It hardly seems like a year has passed since the last Capital Pride. The festival is back and bigger than ever, with some new faces at the helm and some exciting new events in store. On June 11, organizers announced the much-anticipated details for 2014.
This year’s theme is Free to Love, which organizers say reflects the freedoms won and enjoyed by the LGBT community in Ottawa while also representing solidarity with those throughout the world who have not yet been granted full human rights.
“I think what we really wanted to encompass with this [theme] is really looking at the state of human rights on a global level,” says Luke Smith, Capital Pride vice-chair and director of communications. “That was really shaped out of our international focus this year.”
To kick off the festival on Aug 15, organizers have partnered with the Museum of Nature to hold a Pride-themed Nature Nocturne. The Nocturne events have been gaining popularity in Ottawa, transforming the museum into a party space and offering adults the chance to check out exhibits in an atmosphere geared to grownups.
Capital Pride has also partnered with comedy club Yuk Yuk’s to offer a Comedy Cruise featuring drag queens and standup comics performing live aboard the Empress of Ottawa. Official rainbow flag raisings will take place throughout the city on Aug 18, culminating with a flag raising at city hall accompanied by remarks from Mayor Jim Watson.
Many of Pride’s best-loved events are also back, including the family-focused Picnic in the Park on Aug 19, the return of the Laugh Out Proud comedy event, which includes the Capital Pride Cruise, from Aug 21 to 23, and the Rainbow Party on Aug 21. The annual Human Rights Vigil will take place on Aug 21 and will feature transgender activist Stephanie Battaglino as guest host.
This year will see a stronger focus on family and youth-centred educational programming, including the Free to Learn lecture series. The series will include a discussion called Diversity of Gender and Sex with Youth, featuring speakers from the Ten Oaks Project who will engage with parents and educators on the issues facing gender-independent children and their families. There will also be a panel discussion on Pink Dollars, and Rainbow Summits activist Cason Crane will participate in a discussion of the progress made by the LGBT community in the world of sports.
Another new initiative this year is the addition of international film nights, presented in partnership with the Swedish, Argentine, Dutch and American embassies and the ByTowne Cinema. Throughout the month of August, international films will be screened showcasing queer culture from around the world, including To Wong Foo, Thanks for Everything! Julie Newmar and Mia, an Argentine film that follows the journey of Ale, a transgender woman who must find her voice.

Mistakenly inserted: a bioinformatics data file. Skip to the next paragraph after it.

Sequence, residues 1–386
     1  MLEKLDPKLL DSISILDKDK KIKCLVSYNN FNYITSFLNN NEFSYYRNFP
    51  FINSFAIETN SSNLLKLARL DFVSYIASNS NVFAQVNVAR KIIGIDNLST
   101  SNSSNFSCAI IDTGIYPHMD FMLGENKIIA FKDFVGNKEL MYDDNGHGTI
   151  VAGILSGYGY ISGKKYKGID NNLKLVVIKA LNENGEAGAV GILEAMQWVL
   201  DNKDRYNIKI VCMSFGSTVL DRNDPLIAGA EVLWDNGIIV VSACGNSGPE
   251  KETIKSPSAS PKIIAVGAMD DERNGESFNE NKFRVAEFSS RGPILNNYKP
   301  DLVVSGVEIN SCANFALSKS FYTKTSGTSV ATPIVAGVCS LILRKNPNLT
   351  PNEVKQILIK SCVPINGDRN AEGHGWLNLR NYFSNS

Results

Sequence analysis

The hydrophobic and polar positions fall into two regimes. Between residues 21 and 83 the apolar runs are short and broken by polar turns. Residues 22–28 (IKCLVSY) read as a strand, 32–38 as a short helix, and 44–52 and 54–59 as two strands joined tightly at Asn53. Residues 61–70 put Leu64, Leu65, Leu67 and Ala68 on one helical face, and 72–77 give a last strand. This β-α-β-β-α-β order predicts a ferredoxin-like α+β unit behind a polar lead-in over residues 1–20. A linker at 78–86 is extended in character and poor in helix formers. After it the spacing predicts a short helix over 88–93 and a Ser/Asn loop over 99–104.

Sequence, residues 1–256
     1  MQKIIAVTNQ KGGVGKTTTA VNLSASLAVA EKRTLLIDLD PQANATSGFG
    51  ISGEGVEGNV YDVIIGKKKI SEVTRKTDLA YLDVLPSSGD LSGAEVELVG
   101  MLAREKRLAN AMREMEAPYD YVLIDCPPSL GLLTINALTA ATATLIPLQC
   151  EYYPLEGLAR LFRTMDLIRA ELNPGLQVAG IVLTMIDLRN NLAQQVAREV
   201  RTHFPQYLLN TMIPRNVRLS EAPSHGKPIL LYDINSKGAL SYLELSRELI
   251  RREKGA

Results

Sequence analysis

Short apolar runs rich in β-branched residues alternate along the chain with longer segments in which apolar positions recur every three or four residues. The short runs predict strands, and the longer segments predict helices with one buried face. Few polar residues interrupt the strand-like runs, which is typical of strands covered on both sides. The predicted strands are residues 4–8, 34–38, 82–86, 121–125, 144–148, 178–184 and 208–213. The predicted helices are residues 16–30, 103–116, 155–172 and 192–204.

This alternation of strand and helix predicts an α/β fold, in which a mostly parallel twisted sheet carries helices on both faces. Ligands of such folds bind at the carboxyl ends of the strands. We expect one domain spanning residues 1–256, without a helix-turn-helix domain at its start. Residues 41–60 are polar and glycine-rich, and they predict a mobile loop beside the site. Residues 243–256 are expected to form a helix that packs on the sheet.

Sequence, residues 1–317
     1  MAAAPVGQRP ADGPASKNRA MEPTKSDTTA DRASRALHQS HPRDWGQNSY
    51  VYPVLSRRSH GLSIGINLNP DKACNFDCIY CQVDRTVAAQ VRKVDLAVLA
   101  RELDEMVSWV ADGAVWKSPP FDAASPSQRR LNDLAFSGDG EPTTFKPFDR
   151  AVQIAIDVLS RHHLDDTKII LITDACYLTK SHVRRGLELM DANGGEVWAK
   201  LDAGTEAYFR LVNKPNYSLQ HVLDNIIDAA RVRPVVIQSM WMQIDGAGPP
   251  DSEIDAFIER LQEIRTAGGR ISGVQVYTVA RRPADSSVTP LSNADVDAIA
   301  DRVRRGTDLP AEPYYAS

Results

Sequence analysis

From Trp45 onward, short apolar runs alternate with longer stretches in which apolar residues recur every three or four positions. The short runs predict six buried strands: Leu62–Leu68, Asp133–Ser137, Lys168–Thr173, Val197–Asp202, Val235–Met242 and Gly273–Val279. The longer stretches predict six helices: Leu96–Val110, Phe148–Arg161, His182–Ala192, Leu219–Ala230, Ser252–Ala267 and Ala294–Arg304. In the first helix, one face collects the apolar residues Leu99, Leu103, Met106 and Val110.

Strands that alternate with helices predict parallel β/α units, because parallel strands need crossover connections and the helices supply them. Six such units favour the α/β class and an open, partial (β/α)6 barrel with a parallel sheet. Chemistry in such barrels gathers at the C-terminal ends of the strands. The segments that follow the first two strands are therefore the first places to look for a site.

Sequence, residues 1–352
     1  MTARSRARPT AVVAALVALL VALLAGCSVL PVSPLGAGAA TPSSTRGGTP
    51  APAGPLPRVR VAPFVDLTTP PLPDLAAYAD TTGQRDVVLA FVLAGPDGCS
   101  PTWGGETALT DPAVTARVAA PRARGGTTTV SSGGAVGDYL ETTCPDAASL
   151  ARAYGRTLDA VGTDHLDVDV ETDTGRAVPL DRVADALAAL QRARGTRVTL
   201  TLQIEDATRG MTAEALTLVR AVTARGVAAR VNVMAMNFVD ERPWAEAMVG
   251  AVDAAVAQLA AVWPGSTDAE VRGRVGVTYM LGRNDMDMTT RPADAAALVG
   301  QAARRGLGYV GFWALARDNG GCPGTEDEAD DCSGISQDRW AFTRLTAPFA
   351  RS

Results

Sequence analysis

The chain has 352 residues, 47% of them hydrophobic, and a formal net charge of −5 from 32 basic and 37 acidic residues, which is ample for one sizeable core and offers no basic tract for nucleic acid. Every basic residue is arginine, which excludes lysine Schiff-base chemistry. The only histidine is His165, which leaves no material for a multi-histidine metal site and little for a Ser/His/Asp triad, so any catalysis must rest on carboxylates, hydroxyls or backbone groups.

Smith says the educational content, which he developed in partnership with education coordinator Alexandria Nuttal, will promote discussions within the community. “What I’m looking forward to with the lecture series is having some of those uncomfortable conversations,” he says. “It creates an opportunity for some really interesting conversations.”
A perennial highlight of the festival, the Capital Pride parade, will once again make its way down Bank Street and through the Village, ending up at city hall for the Community Fair at Marion Dewar Plaza. The fair will feature a main stage produced by event planning company House of SAS showcasing the talents of queer artists including DJ Stephan Grondin, rapper Cazwell, trans recording artist Amanda Lepore, and RuPaul’s Drag Race contestant Adore Delano. A major highlight is an Ottawa edition of RuPaul’s Drag Race: Battle of the Seasons, taking place live on Aug 23.
Helen Kennedy, executive director of Egale Canada, has been announced as the parade grand marshal. She will be joined by Ten Oaks founders Holly and Julia Wagg as community-builder marshals, lifetime-achievement marshal Murray Lavigne, youth marshall Elliot Werhle and international marshal Cason Crane, as well as “out icon” Elvira Kurt.
Pride festivals across Canada this year are somewhat in the shadow of WorldPride, which happens in Toronto from June 20 to 29. But rather than compete, organizers say they’ve tried to plan a Pride that is complementary and gives those unable to travel to Toronto a chance to experience some of the magic. “I feel like Ottawa is very unique in that it has a very big family focus,” Smith says. “And for those who don’t have families, we also have RuPaul’s Drag Race here, which is absolutely fantastic. I’m very excited to see Adore Delano on the stage. That’s going to be fantastic.”